YouTube announces $25m for news initiatives

Earlier this month, YouTube pledged $25,ooo,ooo for establishing a group of reliable news sources, which already includes Vox Media Group, among other outlets. This is part of the wider Google News Initiative, which has earmarked $300m for promoting news. Here’s a look into whether or not this will help, and some of the organisations involved.

Let’s set the scene. It’s 2016, and Donald Trump has just won the Presidential election. Accusations of fake news, virulent Nazism, and Russian interference are rife. As this somewhat unprecedented situation is unfolding, Google and most media organisations are reacting with fear and defiance, and are sliding further and further to the left. Soon, they are blind to the actual situation, and, for PR or for their own beliefs, they now feel such anger towards the far right and fake news. Over the next 20 months, the corporation slips further towards the left, putting on “black-only” (after the initial #YouTubeBLACK event in April 2016) events, memorably tweeting out “Roses are red, Violets are blue, Subscribe to black creators”, and openly making political statements against politicians on the right.

This is the background story, the context of YouTube’s decision to combat fake news. The idea behind the initiative is a good one — allow unbiased creators to help the company with better features and to promote their own organisations. However, what’s actually happening is that they are including only left-leaning news platforms, rather than actual news-reporting channels. Vox’s editor-at-large, Ezra Klein is noted for his leftist bias, and this has made the editorial direction of the company swing to the left. If this bias will influence YouTube’s decisions with regard to news in the future, then trouble could be brewing for right-wing organisations and even the less biased creators. At the very least, priority will likely be given to content from this group, and they will be favoured over other partisan content.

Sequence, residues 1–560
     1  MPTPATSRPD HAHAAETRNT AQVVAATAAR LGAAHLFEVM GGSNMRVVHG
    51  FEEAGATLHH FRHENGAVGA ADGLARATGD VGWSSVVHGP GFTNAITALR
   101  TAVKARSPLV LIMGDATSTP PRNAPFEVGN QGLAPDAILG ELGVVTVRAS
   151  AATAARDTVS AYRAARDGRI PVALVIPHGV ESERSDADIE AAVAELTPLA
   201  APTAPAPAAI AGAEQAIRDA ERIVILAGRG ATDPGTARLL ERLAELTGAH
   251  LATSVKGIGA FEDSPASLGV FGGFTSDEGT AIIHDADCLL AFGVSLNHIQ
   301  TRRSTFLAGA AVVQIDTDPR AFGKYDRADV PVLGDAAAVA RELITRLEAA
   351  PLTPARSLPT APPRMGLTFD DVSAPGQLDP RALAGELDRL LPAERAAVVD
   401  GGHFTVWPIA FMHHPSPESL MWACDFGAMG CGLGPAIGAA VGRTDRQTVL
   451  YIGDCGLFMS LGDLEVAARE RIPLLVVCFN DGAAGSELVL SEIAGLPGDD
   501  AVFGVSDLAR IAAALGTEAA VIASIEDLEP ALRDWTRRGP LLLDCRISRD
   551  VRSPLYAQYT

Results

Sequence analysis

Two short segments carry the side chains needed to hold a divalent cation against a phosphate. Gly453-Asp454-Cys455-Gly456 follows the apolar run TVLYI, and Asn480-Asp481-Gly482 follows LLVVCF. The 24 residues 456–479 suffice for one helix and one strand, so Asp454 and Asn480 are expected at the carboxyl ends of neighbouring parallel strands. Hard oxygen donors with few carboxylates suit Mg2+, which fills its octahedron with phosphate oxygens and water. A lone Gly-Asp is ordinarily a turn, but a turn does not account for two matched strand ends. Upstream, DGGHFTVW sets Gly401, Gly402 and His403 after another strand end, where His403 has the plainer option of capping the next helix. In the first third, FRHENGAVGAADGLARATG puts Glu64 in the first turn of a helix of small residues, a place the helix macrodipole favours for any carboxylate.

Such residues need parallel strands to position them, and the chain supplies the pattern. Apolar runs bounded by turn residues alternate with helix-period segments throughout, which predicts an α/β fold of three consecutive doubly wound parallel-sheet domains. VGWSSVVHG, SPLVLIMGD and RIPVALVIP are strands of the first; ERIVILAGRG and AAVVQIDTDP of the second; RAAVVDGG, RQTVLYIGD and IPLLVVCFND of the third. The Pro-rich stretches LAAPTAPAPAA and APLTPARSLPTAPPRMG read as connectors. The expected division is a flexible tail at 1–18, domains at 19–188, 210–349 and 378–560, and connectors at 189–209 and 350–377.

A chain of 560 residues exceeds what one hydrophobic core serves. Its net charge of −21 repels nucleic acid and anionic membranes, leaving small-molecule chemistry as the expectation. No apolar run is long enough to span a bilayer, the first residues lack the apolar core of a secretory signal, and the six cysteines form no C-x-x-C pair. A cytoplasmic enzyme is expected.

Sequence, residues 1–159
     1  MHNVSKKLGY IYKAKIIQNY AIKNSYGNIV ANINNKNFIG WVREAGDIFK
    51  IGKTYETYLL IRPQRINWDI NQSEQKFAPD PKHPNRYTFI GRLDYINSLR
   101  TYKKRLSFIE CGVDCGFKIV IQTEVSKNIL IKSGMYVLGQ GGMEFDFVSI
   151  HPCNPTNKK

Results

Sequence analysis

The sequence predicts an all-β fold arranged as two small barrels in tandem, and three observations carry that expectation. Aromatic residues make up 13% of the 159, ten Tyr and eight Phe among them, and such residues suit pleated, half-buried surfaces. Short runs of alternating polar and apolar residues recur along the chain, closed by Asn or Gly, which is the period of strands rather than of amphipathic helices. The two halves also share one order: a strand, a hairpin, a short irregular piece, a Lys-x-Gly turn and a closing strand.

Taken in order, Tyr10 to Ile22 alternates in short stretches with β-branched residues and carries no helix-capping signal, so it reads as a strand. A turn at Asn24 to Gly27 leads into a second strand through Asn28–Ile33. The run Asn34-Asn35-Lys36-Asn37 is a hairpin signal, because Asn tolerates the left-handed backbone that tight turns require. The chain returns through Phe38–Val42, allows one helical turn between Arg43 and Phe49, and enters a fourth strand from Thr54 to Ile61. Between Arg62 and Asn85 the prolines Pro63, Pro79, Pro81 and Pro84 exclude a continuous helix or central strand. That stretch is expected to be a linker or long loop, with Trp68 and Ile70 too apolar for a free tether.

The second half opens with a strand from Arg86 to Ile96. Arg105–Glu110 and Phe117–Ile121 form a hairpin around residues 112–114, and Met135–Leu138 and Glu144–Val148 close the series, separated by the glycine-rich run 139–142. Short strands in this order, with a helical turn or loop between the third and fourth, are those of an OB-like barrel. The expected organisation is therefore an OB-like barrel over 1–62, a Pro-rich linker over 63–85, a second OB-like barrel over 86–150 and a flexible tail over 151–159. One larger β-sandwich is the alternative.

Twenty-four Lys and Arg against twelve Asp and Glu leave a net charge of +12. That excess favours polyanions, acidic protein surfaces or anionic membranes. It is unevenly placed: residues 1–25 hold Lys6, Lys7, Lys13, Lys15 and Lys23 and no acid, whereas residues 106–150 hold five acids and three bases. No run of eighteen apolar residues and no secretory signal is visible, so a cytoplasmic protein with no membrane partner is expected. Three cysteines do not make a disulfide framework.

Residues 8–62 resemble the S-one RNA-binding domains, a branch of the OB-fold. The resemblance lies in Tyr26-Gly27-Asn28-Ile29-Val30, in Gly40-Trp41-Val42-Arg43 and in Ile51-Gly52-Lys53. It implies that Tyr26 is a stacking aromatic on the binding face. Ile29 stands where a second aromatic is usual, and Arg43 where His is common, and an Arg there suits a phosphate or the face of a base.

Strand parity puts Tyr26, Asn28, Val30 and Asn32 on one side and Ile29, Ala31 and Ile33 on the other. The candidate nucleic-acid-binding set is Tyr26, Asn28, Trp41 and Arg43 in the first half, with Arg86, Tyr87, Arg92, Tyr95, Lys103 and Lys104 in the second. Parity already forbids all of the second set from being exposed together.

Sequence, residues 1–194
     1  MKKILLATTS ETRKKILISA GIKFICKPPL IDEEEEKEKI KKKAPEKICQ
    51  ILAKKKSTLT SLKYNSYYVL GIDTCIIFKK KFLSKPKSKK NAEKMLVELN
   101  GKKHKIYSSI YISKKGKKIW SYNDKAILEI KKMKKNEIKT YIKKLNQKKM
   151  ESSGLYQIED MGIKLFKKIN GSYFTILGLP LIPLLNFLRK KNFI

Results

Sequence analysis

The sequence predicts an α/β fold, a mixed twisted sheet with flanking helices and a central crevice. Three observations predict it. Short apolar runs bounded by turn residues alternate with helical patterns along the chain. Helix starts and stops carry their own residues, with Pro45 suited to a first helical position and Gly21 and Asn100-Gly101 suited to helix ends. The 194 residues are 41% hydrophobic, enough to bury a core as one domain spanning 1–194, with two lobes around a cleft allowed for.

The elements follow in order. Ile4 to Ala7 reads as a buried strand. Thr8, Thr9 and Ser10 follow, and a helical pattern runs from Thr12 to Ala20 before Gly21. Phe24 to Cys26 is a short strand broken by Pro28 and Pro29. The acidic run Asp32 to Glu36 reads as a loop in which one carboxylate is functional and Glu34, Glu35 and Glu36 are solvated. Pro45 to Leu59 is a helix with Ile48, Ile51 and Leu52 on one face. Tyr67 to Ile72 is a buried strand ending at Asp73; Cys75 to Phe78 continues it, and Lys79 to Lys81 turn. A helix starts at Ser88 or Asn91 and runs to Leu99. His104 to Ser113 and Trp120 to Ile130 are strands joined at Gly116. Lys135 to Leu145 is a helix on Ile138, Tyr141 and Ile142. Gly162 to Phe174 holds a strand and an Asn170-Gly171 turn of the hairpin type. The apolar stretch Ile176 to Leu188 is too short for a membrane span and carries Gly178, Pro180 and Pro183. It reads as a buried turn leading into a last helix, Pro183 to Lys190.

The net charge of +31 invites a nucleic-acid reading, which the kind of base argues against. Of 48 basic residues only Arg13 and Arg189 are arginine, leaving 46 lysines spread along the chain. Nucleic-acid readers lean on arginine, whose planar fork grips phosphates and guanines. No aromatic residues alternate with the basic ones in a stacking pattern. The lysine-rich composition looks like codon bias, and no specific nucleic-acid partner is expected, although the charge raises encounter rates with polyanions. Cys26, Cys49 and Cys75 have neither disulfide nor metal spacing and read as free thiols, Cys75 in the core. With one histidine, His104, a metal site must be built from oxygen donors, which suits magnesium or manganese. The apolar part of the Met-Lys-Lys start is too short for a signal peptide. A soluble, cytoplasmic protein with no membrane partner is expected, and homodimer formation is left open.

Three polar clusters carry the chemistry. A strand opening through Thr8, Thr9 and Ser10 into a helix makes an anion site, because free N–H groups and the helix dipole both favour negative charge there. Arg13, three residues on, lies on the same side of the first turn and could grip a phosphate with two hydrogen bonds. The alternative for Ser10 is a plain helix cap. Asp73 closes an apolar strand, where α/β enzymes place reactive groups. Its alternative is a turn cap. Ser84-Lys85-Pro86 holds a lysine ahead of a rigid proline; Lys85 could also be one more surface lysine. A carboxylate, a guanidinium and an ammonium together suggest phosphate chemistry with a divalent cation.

However, it must be said that, from watching Vox myself, only around 1/4 of their videos are political and biased. There are some videos which are about a political issue but balanced, as well as a lot of content, such as Johnny Harris’ “Borders” series, which are about different subjects entirely.

Vox Media doesn’t just include the Vox news outlet itself — it is a group of eight brands, including Polygon and The Verge. The former is a gaming website and the latter a technology-based organisation — both with left-wing biases far more enhanced than that of Vox itself.

While fake news is far less prominent on the left of politics and the media than on the right, manipulation of facts and biased reporting is a huge issue for liberal organisations. If YouTube is trying to combat fake news, then it will only be drowning it out with partisan content and manipulation of news.